Harvard University, the oldest institution of higher learning in America, has announced it will be adding gender identity to its non-discrimination policy, safeguarding transgender students and faculty.

“Harvard’s step forward will ensure that its students and staff continue to represent some of the best this country has to offer,” said Human Rights Campaign president Joe Solmonese.

“Colleges and universities are increasingly aware that to attract the best and the brightest, they need to ensure equal treatment regardless of gender identity or sexual orientation. By ensuring protection for all students and staff, Harvard is continuing its centuries-long tradition of advancing understanding and nurturing national leaders.”

On U.S. News and World Report’s “America’s Best Colleges 2006,” Harvard ranks first. Harvard’s inclusion of gender identity means that half of the Ivy League schools now have gender identity in their non-discrimination policies, which includes Brown, Cornell University and University of Pennsylvania.

“Not only does this send a signal to students and staff, but it also aligns the university with the workplaces many of these students will join after graduation,” added Mr Solmonese. “Just 15 minutes away, Raytheon’s employees have had the same protections for the last year that Harvard’s students and staff secured this week. Corporate America is leading the way when it comes to gender identity protections and institutions of higher learning are smart to keep up.”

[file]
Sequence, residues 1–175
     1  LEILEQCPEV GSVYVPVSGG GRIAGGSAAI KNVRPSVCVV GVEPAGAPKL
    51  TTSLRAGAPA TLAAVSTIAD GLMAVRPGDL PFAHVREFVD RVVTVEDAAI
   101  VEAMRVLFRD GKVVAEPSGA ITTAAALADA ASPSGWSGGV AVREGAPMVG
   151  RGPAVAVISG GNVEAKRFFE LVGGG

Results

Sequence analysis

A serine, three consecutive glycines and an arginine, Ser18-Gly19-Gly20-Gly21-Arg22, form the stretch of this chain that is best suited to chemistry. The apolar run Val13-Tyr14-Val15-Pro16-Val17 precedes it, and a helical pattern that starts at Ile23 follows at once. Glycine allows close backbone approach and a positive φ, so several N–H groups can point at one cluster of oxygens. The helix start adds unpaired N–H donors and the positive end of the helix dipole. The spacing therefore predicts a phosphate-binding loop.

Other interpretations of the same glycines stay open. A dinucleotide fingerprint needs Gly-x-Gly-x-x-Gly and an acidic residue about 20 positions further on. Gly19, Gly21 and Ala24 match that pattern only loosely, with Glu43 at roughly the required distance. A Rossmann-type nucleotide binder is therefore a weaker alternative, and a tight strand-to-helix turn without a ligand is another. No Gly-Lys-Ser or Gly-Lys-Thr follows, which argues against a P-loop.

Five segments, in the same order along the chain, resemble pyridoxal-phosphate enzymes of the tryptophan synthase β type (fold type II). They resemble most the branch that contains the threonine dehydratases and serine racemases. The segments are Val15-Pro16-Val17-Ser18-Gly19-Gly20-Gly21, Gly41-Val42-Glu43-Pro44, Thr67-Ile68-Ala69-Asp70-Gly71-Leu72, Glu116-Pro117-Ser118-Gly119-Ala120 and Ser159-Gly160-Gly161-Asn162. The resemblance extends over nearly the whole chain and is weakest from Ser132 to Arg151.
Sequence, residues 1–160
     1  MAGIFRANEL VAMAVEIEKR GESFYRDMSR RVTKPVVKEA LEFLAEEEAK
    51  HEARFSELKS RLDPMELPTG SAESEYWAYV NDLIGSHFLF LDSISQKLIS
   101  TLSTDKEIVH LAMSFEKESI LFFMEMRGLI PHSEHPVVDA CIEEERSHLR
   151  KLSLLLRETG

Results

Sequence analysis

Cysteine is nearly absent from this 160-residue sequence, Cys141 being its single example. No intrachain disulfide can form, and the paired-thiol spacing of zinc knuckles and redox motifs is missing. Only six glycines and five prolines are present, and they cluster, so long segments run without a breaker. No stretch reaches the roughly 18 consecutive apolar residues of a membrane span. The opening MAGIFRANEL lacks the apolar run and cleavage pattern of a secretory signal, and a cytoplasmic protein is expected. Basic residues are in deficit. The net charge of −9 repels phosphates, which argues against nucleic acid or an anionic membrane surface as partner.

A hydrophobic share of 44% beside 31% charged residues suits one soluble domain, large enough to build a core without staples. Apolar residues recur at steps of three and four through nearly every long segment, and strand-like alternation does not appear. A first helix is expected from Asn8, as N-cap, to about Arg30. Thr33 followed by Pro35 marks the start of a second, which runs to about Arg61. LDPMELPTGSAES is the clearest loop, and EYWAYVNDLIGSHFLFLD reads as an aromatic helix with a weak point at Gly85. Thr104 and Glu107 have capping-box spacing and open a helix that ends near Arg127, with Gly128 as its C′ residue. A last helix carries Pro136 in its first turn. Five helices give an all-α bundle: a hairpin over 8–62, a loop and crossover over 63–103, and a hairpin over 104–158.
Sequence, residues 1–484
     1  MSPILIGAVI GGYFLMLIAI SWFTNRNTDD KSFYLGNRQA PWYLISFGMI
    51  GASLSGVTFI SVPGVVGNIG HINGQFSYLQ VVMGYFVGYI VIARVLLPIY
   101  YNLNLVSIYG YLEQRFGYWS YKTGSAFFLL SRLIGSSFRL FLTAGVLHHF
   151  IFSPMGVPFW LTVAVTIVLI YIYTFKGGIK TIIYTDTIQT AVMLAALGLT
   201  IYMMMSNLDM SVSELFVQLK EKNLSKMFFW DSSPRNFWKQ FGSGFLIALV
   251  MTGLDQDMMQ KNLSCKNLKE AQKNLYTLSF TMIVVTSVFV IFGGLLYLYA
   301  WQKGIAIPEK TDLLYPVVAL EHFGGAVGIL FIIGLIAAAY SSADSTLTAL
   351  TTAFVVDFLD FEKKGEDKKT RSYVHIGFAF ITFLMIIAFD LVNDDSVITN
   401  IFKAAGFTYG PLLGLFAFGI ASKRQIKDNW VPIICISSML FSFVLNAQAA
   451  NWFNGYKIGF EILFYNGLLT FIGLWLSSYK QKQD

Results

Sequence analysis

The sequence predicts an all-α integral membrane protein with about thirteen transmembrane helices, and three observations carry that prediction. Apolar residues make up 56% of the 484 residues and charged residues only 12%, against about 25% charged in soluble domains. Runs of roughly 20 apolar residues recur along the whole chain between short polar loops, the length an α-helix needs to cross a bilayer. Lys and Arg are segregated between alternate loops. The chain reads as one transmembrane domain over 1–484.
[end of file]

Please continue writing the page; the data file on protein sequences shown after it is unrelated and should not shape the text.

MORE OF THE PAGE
In July 2005, Raytheon, a Massachusetts-based Fortune 500 company, became the first aerospace and defence giant to add gender identity to its equal employment policy. In 1997 only one Fortune 500 company protected transgender employees. Today, 82 ensure equal protection on the job.

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